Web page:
As of yet, only 12 earthlings have made it to the one and only natural satellite of our home planet -- Moon. July 20 marks the 49th anniversary of the day when it all started. On this very day in 1969, the revolutionary Apollo 11 moon landing mission had taken place and Neil Armstrong and Buzz Aldrin had taken that historical "giant leap for mankind."
Since then, only 12 US citizens have walked on the surface of the Earth's constant companion but where are these legends now? Well, among all the 12 astronauts who have taken a walk on the moon, only four are alive, currently.
Neil Armstrong was the first man to set foot on the moon during the first ever lunar mission, Apollo 11. He was an astronaut as well as an aeronautical engineer and following all his groundbreaking achievements, in 1971, the man retired from NASA. After his life at NASA, Armstrong worked as a corporate spokesperson for different businesses. He was known to be solitary, however, it's also true that he had made several public appearances and gave speeches at those events. Neil Armstrong had also hosted a science series and even taught college. The legendary astronaut breathed his last in 2012. At the time of death, he was 82-years-old.
Next in the line is, of course, Buzz Aldrin, the astronaut who was a companion of Armstrong in the Apollo 11 lunar mission and stepped on the moon just next to him. He was also the pilot of the Apollo 11 mission. The second man on the Moon has always been a vocal advocate for space exploration; he is also all for a manned Mars mission. Unlike Armstrong, Aldrin has always been quite outspoken. He has even made appearances on a host of TV talk shows and even on "Dancing with the Stars" in 2010.
However, being the second man on the moon is not the only legendary mark that Aldrin has crossed. In 2016, he also became the oldest ever person to reach the South Pole. He was 86 when he reached there. Currently, the 88-years-old legend lives in Florida.
Pete Conrad, the third man to reach the moon, walked on the lunar surface in 1969. He was one of the astronauts of the Apollo 12 mission. In 1973, Conrad retired from NASA and made money in business. In 1999, the astronaut died following a motorcycle crash in California at the age of 69.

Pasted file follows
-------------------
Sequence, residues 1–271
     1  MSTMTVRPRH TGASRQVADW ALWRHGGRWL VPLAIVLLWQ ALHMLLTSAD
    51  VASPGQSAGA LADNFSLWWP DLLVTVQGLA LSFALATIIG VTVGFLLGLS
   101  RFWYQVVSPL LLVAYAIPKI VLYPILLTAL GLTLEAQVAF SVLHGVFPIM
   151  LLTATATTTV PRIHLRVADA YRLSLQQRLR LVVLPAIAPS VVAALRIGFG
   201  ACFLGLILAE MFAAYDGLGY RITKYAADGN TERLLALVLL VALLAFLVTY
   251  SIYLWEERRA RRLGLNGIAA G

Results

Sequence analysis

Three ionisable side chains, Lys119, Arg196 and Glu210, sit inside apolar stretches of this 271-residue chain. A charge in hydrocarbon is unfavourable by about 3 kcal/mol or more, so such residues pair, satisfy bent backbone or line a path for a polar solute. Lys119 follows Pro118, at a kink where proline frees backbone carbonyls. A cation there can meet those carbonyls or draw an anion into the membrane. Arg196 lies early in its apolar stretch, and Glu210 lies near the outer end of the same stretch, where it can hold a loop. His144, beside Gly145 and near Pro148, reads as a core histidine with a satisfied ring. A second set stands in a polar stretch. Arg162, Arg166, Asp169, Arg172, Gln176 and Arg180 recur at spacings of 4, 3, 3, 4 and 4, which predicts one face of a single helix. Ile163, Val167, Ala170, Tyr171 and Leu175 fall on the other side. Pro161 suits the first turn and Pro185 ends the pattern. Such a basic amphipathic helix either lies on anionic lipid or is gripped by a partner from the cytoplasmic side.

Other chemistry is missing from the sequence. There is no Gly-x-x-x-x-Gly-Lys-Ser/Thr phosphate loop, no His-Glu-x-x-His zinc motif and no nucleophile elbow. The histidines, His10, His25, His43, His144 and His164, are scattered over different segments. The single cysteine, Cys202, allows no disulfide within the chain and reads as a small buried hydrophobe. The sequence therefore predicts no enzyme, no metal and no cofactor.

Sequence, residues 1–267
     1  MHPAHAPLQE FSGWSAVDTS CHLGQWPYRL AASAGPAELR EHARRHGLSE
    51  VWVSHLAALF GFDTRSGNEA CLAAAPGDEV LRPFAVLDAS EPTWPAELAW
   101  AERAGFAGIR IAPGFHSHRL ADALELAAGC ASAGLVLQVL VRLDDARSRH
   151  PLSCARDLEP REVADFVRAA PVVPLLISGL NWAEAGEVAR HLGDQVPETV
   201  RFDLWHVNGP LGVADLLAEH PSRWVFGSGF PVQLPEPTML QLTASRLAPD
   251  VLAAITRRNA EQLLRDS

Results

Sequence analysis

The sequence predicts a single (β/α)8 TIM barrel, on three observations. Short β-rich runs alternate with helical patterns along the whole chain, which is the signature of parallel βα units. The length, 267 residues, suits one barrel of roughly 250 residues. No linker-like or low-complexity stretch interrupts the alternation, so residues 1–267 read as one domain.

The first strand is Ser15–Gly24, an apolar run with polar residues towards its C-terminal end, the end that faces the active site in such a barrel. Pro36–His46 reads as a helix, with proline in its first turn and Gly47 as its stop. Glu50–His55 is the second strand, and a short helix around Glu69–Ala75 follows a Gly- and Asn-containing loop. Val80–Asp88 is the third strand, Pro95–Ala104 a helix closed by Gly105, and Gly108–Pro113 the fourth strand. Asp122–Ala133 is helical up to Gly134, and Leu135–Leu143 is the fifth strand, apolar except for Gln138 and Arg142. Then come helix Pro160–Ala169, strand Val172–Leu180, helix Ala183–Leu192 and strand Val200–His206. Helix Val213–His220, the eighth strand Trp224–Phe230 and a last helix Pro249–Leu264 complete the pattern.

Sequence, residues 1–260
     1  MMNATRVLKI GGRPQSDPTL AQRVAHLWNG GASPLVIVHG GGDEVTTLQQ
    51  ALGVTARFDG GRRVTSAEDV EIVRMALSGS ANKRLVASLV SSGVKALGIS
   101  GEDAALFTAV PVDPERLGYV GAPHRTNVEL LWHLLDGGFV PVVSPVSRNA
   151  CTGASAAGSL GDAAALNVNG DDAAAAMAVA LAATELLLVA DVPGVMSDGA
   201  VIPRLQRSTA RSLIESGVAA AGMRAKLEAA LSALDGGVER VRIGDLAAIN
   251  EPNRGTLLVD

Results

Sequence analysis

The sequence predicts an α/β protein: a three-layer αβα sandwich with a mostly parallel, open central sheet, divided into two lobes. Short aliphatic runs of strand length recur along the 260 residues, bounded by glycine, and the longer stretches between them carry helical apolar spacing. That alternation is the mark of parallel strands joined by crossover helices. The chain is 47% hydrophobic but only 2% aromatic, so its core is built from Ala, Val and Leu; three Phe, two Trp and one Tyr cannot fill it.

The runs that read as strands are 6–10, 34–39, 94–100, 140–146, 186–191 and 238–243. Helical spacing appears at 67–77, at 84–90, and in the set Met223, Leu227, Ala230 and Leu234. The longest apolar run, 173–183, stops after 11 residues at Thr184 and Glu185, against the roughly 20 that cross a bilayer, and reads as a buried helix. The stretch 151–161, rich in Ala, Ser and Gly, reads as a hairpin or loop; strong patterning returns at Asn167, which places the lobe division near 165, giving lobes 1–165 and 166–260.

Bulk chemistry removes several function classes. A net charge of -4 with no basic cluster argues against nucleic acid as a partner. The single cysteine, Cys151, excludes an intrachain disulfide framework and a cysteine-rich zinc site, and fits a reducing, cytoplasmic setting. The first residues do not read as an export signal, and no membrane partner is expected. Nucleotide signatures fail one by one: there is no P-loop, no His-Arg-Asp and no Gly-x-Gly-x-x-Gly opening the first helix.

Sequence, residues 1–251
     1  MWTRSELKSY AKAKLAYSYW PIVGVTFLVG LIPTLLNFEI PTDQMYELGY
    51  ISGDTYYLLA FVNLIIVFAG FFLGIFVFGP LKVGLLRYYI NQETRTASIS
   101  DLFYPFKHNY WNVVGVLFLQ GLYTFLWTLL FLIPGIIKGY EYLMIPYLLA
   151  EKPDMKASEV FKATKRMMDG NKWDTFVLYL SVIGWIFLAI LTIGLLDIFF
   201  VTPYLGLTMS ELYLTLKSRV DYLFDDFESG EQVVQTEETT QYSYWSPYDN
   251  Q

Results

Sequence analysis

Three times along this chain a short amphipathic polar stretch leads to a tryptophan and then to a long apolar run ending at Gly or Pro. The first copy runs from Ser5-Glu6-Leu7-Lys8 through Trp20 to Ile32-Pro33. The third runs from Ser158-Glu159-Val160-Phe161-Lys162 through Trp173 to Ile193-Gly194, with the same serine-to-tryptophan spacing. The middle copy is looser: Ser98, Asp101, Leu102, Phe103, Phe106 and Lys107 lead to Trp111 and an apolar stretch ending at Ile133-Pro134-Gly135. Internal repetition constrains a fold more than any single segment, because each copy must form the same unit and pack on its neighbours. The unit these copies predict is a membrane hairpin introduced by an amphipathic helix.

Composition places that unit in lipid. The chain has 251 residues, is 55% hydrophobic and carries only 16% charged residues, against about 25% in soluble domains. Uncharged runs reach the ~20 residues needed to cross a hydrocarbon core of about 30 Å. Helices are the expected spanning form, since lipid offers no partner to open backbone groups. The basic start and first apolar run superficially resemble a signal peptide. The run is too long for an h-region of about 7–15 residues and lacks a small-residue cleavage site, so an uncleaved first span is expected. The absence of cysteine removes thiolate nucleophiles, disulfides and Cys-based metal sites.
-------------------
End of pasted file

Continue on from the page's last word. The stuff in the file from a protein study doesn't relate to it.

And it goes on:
Alan Bean is the fourth one in the line, who was also the mission companion of Pete Conrad. According to his logs, he had spent a sum total of 1,600 hours in space. Other than the Apollo 12 mission, he has also been a part of the missions to Skylab and the Apollo-Soyuz Test Project. After his time in NASA, Bean became a painter and his creations were quite unique. He integrated the pieces from his spacesuit patches into his paintings. The remarkable painter-astronaut breathed his last in Texas in May this year only.
In 1971 the fifth man to walk on the moon was Alan Shepard. He was a crew member of the Apollo 14 mission. After retiring from NASA in 1974, Shepard went on to a completely different line of business. He worked in the banking and real estate sector. However, his love for space never faded. He had founded the Astronaut Scholarship Foundation. The astronaut died at the age of 74 after suffering from leukemia.
As usual, Shepard was not the only astronaut to walk on the moon under the Apollo 14 mission. His crewmate Edgar Mitchell had also walked on the lunar surface. Mitchell retired from NASA in 1972 and aided in the foundation of the Institute of Noetic Sciences, which is one of California's non-profit organization that conducts research on ESP and other psychic phenomena. In 2016, Mitchell died at an age of 85.
Next in the line is Apollo 15 astronaut, David Scott walked on moon's surface in July and August of 1971. Also, he became the first man to not only walk but drive on our natural satellite during the Apollo 15 mission. He left NASA in 1977 and later, became a writer and consultant for books and documentaries regarding space program. Currently, he lives in California.
James Irwin, who was Scott's crewmate in the Apollo 15 mission also walked on the moon and retired from NASA in 1972. Later, he went on to found the High Flight Foundation, a Christian religious outreach organization. Irwin died in 1991 due to a heart attack. He was the first, of all the astronauts that walked on the moon, to die.
Apollo 16 reached the moon in April 1972 and John Young, a part of the mission, became the ninth person to walk on the lunar surface. After Apollo 16, he again flew to space aboard the Space Shuttle Columbia. After working with NASA for over 40 years, Young retired n 2004 and died this January at the age of 87.
Number 10 on the list is Charles Duke, who went to the moon along with John Young in during the Apollo 16 mission. He left NASA in 1975. After that, he changed the course of business and became active in prison ministry. Currently, Duke, 82, lives in Texas and he now chairs the board of the Astronaut Scholarship Foundation.
The same year as Apollo 16 mission, Apollo 17 took place in December 1972. Eugene Cernan walked on the moon as a part of this mission. Along with being the 11th man to take a moonwalk, literally, Cernan's footprints also became the last of the humans to be left on the lunar surface. After retiring from NASA in 1976, he joined the private industry and sometimes, worked as Good Morning America's commentator. He died in January last year at the age of 82.
The last, but definitely not the least, man to walk to the moon was Harrison Schmitt, who served as a geologist during the Apollo 17 mission. Following his journey to the moon and back, Schmitt retired from NASA in 1975. Later, he represented New Mexico as a Republican in the U.S. Senate for one term. He had also taught at the university level. Schmitt, now 83, resides in New Mexico.